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Amidst uncertainty, SWU graduate sees God at work

Amidst uncertainty, SWU graduate sees God at work

    04.21.20 | Alumni Science Career Success Story: Health Care Services by Ed Welch

    Anita Nwankwo knew for a long time she wanted to enter a caring profession. The daughter of a nurse, she looked to her mother as a role model, observing how she treated many people in the Nigerian community where she grew up.

    Nwankwo, a 2017 Southern Wesleyan University Biology graduate, works at St. Mary’s Medical Center in Blue Springs, Mo. She normally works in the medical surgical unit or the telemetry unit, and lately sometimes she’s in the COVID unit.

    “This was not something that I thought I’d get to experience in health care. It has been ‘you go to work, you take care of people, then come home,” said Nwankwo. “Then this virus happened and it changed my whole perspective. It opened my eyes to what serving is all about, what devotion to patients is all about. No visitors are allowed to come into the hospital, so some of those patients are desperate, scared and don’t have family members; and they don’t know that they can make it through their hospital stay. So, just being able to be with them and just hold their hands and talk with them, and just being selfless in that moment and just being company to them – it is really rewarding.”

    It saddens Nwankwo when patients who don’t pull through have no family members present– mostly they are elderly with underlying health issues. For her the biggest challenge is not knowing what to expect.

    “There are shortages of PPE’s (personal protective equipment) and also you may not know what patient you’re getting and the clinical condition of that person, so it’s very challenging to just go in and see them going through so much that you feel like you’re not doing enough. Sometimes you do all you’re able to but it’s not enough to get them where they are supposed to be,” said Nwankwo.

    But she looks to God for strength and hope and sees Him at work in these times of crisis.

    “God is uniting us in ways we couldn’t imagine before, because right now I feel that every human is connected to one another. Every human is looking out for one another. Every human wants what’s best for each other. You go out in public to shop and you see everybody respecting the distances. If you see the elderly, you’re trying to stay away from them. I feel like God is using it to unite human beings in ways that we could not imagine are possible,” said Nwankwo.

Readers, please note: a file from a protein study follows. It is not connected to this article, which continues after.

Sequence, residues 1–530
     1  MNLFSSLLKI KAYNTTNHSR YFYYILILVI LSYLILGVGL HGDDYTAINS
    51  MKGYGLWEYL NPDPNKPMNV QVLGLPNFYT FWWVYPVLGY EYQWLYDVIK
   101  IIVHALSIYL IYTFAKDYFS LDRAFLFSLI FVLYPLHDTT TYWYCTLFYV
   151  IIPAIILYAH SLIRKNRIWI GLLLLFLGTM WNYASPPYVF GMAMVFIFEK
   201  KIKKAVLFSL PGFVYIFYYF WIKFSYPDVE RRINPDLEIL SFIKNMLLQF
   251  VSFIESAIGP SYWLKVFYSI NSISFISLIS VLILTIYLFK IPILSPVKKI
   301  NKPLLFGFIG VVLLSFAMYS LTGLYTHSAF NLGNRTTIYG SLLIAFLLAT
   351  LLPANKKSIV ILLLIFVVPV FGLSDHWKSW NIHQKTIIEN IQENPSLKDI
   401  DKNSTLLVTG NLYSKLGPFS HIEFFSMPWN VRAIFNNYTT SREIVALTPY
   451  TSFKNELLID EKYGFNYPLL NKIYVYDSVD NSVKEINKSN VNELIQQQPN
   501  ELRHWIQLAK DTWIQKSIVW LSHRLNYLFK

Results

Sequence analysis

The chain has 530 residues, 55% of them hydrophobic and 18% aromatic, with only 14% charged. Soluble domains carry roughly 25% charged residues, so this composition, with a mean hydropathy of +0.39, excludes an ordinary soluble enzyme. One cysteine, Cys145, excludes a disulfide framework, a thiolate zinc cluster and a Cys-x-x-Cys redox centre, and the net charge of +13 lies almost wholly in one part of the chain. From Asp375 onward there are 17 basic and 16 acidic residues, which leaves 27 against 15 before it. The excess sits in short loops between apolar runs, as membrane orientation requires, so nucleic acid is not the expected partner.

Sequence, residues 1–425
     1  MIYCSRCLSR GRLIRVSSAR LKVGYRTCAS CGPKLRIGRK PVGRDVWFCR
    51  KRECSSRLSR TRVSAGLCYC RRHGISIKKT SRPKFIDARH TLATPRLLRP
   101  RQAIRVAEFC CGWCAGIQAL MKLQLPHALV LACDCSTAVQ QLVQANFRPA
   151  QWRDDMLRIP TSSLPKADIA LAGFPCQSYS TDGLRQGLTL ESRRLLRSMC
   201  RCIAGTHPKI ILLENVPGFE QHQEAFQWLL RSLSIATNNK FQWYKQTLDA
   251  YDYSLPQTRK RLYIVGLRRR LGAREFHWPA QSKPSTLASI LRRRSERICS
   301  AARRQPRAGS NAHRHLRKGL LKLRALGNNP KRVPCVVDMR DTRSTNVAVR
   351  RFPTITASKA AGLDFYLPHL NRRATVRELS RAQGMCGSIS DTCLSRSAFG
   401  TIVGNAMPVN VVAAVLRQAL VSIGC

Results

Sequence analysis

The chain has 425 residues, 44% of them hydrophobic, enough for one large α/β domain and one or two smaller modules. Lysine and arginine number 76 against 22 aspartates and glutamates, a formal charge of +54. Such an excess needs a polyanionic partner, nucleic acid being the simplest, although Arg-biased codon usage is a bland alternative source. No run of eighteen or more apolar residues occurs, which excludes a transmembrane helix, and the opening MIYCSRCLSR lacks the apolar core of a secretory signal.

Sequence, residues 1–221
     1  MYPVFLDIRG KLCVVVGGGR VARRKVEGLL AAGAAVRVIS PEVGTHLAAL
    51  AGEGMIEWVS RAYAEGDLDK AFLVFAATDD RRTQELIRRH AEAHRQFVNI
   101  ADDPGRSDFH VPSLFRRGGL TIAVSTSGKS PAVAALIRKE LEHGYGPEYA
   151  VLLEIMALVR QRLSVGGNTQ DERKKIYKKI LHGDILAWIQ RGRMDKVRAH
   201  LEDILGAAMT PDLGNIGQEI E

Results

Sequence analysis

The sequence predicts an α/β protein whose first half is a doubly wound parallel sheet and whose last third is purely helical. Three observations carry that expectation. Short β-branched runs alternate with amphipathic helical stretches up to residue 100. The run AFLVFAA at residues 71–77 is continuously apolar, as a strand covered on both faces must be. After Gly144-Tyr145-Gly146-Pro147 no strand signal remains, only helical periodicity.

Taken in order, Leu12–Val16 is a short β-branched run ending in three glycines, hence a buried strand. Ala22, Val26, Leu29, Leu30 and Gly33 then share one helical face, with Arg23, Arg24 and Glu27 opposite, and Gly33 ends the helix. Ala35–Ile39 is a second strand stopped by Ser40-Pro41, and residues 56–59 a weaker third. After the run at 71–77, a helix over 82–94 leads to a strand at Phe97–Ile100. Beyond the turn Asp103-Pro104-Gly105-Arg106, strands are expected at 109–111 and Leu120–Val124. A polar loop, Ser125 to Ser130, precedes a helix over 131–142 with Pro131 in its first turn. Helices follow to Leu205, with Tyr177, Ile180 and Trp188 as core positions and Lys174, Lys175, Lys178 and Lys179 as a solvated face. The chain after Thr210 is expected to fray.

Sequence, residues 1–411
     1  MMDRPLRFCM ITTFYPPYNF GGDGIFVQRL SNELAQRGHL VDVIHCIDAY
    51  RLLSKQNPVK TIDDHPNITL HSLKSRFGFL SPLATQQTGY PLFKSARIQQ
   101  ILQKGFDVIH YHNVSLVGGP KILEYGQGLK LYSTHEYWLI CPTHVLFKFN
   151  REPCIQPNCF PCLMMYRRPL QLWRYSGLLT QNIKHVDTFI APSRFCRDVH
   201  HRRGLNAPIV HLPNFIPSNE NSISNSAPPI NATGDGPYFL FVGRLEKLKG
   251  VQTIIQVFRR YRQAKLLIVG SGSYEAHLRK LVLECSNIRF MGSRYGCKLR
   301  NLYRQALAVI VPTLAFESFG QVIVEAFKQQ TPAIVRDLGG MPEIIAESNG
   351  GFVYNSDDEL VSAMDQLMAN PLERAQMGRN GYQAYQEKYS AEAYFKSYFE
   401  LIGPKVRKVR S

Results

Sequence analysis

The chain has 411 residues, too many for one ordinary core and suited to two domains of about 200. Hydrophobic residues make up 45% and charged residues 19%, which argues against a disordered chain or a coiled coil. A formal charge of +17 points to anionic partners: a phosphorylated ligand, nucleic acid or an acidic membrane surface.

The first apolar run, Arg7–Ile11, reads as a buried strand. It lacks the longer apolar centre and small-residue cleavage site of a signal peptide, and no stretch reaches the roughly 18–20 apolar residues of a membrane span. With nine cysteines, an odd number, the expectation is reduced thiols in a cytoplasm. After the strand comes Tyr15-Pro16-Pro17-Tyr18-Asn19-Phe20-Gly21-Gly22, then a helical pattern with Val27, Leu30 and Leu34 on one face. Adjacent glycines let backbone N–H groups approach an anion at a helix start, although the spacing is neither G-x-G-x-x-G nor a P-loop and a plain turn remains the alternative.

Coming to SWU

    Anita’s father, Innocent Nwankwo, attended Southern Wesleyan and played on the men’s soccer team. He graduated and returned to Nigeria, where he was successful in many business roles. Anita learned a lot about Southern Wesleyan listening to her father talk about college life and playing under coach Keith Connor.

    From the time she enrolled at Southern Wesleyan in 2015, she recalls how professors, including Drs. Walt Sinnamon and Staci Johnson, were happy to provide her with the assistance and encouragement she needed.

    “They laid a positive foundation that pushed me through pre nursing school. You would walk into their office and they would talk you through things you didn’t understand. They were amazing. I also loved that they keep in touch. Dr. Sinnamon reaches out and keeps in touch to see how I’m doing,” said Nwankwo. During a Homecoming celebration, Nwankwo also was befriended by alumna Sandra Ellison Morgan. Morgan, who remembered her father when both were students in the 1970s, opened her home to Nwankwo.

    “I call her my American mom because she and her husband adopted me with open arms. They welcomed me into their family. They saw me for the first time and just felt drawn to me and I was drawn to them as well,” said Nwankwo, adding that when she finished her nursing program at MidAmerica Nazarene University, they traveled in 2018 to Olathe, Kan., for her pinning ceremony. There she was also congratulated by MidAmerica’s president (and former SWU president), Dr. David Spittal.

    How to pray

    Nwankwo encourages all Christians to pray for the people on the frontlines, no matter what their job is – doctors and nurses, but also those working in grocery stores and driving trucks.

    “Pray for people who are exposing themselves the most, and that God will continue to give us the grace to keep pushing through it, because sometimes it can get overwhelming,” Nwankwo said.

    For details about the Division of Science and degrees offered, contact Southern Wesleyan University at 877-644-5556 or visit www.swu.edu.

    Southern Wesleyan University is a Christ-centered, student-focused learning community devoted to transforming lives by challenging students to be dedicated scholars and servant-leaders who impact the world for Christ. For details about degree programs, go online to swu.edu.

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